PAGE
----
Flashback: The JEEP Celebrates 66 years
By James Grahame
The JEEP was created during WWII as a light reconnaissance utility vehicle. What you might not know is that there were originally multiple JEEPs built by several manufacturers -- the Bantam BRC-40, Willys MA and the Ford GP. The vehicle grew out of the US government's requirements for a "General purpose, personnel, or cargo carrier especially adaptable for reconnaissance or command, and designated as 1/4-ton 4x4 Truck." Ford's GP designation didn't mean "General Purpose," as most people believed. The G referred to "Government," while P was an internal code that referred to its wheelbase.
Willy's was contracted to produce 16,000 of the vehicles in July 1941, primarily on the basis of their vehicle's more powerful engine and low price. A number of design elements were incorporated from the Ford and Bantam designs and it was designated the Willys MB (Military Model B). The company was unable to keep up with the demand for this versatile little vehicle, and Ford began to produce a licensed version -- the Ford GPW -- later that year.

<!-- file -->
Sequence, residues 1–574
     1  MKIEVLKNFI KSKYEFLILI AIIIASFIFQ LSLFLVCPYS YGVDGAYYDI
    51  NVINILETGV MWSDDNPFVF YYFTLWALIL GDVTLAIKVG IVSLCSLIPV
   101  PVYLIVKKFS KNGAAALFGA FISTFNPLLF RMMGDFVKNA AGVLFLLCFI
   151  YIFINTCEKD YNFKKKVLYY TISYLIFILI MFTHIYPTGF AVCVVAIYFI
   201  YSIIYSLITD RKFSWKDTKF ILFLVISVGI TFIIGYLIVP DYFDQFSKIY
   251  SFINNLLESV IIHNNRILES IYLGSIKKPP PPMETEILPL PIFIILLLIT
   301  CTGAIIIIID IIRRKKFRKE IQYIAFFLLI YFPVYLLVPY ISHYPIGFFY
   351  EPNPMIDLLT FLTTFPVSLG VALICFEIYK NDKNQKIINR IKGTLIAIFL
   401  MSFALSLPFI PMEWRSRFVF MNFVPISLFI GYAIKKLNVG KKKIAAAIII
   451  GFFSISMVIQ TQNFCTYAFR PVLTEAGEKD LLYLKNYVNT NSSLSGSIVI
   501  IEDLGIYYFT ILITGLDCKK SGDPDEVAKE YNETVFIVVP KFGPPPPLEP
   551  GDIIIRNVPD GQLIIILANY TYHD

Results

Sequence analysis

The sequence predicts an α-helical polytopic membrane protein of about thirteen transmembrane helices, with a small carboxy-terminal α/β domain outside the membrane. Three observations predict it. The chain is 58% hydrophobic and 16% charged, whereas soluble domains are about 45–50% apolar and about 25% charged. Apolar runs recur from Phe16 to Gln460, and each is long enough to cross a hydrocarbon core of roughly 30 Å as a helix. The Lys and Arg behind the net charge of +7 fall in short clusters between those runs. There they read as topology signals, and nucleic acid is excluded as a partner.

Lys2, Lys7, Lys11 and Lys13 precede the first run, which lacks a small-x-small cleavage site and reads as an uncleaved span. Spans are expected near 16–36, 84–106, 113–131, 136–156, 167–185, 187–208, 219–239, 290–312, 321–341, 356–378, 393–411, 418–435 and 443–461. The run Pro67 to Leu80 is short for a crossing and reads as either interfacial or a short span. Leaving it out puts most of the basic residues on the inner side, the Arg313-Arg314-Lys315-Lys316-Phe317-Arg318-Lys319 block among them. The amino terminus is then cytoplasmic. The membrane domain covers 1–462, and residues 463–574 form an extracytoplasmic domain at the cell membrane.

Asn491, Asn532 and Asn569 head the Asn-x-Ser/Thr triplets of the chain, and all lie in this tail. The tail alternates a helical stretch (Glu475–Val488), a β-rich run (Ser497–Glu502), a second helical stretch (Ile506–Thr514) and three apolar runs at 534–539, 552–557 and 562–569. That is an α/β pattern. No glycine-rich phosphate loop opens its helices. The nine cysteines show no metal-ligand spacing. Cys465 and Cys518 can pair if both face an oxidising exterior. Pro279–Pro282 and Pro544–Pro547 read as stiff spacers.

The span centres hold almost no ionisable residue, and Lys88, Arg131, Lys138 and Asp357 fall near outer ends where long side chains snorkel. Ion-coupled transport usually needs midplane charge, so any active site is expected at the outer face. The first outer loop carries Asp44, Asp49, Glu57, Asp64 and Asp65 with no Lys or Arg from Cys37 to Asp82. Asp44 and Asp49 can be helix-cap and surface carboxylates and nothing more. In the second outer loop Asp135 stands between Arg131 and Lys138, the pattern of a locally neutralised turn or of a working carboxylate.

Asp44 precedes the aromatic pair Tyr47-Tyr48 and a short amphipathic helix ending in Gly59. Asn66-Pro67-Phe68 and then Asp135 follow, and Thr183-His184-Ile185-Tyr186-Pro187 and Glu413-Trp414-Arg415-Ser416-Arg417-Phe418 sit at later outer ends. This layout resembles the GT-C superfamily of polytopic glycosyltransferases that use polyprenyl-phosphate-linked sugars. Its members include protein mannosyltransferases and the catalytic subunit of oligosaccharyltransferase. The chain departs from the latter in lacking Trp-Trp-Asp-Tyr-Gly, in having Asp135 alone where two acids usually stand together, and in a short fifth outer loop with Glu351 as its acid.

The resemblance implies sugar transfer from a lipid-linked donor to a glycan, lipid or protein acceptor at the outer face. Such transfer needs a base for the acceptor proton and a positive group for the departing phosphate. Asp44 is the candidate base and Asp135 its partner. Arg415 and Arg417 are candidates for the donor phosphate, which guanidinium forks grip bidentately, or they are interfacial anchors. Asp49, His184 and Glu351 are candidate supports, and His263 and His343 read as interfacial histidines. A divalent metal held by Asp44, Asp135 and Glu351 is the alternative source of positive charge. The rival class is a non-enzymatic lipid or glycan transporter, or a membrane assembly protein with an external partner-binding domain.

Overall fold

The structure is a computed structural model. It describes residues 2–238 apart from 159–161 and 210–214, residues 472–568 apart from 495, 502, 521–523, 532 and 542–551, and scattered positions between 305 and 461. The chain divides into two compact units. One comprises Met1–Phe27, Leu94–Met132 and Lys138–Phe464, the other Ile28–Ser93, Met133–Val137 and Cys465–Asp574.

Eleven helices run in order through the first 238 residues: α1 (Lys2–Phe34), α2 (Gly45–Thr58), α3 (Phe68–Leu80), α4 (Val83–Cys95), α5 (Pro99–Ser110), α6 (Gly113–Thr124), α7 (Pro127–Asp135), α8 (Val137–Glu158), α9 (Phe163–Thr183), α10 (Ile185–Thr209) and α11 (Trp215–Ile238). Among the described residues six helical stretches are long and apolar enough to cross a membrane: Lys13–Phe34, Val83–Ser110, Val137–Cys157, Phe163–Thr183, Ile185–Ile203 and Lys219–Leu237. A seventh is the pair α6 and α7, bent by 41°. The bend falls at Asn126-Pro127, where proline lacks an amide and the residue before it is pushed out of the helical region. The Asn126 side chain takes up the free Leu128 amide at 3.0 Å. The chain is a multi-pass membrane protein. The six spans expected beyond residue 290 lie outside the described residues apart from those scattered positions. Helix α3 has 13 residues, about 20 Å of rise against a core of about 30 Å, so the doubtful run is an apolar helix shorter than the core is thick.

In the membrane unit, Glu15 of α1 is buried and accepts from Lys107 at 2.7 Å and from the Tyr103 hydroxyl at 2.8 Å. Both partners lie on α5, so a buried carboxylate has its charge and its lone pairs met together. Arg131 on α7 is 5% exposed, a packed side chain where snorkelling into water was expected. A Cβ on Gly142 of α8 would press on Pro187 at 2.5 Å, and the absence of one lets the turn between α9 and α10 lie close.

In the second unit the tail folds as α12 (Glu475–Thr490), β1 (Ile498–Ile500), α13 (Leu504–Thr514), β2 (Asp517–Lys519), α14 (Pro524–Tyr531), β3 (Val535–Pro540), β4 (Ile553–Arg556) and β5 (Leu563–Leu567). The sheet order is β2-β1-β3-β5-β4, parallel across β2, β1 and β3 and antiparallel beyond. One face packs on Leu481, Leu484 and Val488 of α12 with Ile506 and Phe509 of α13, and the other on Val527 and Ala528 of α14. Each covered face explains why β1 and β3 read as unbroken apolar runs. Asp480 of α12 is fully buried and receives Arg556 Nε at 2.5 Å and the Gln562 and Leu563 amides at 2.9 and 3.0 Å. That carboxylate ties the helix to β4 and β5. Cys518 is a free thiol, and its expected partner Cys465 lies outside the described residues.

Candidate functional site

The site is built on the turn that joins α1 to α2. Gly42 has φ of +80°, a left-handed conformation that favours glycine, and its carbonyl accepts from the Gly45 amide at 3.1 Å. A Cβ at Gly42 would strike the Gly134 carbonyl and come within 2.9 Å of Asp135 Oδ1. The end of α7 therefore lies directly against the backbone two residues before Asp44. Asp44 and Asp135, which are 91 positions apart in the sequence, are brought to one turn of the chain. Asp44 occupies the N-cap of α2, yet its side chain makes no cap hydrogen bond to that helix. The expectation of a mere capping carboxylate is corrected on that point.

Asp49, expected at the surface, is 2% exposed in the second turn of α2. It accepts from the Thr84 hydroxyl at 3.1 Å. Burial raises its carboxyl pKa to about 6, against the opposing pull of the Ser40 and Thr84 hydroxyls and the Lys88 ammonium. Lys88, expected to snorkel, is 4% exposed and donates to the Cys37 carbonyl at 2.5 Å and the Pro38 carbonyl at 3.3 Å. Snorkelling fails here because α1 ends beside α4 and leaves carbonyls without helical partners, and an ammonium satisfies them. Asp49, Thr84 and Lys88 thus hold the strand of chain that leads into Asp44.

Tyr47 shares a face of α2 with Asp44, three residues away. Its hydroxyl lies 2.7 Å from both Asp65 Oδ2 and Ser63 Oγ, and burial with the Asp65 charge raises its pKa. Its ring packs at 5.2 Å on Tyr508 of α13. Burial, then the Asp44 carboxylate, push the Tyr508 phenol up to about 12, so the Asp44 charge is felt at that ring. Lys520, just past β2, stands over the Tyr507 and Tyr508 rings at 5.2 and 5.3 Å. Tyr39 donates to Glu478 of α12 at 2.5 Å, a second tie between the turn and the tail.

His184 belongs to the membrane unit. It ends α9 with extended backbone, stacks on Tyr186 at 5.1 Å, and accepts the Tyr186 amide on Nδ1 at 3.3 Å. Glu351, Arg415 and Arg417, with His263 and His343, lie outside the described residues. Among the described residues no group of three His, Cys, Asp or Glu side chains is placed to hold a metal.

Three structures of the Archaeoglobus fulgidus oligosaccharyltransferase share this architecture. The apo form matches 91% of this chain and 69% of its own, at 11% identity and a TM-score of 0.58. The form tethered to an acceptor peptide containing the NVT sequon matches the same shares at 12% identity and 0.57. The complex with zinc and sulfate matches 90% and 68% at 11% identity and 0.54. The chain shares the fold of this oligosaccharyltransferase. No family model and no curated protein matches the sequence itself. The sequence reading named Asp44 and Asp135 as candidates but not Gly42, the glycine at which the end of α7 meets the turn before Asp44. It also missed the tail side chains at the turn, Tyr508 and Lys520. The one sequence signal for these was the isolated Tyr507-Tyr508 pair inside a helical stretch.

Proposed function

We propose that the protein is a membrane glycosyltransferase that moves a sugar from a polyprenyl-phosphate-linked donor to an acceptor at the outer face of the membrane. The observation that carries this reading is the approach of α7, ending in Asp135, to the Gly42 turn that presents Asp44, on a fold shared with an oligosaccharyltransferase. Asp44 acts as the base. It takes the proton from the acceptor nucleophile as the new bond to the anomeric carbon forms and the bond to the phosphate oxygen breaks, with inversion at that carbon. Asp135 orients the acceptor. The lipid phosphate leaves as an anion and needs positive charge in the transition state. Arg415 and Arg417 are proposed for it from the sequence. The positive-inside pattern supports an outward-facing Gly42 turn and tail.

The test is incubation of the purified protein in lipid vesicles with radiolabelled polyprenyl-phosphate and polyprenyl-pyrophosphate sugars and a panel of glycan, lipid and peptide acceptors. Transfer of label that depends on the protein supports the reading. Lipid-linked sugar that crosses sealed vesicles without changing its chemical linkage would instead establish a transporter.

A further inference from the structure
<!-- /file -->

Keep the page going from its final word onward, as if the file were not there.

The most famous feature of the JEEP is probably the stamped slotted grille, created by Ford to reduce material and manufacturing costs. There were nine slats in the original Ford version. Ford decided not to produce the JEEP after the war and Willy's reworked the grille to become the "classic" seven slot look that is familiar to modern JEEP enthusiasts.
Over 500,000 of these versatile little machines were built during WWII, and various military derivatives remained in production until 1968. Literally millions of CJs (Civilian JEEPs) have been produced, and the design single-handedly inspired 4X4 models from Toyota, Land Rover, Suzuki and others.
Read more about the JEEP's early history [off-road.com]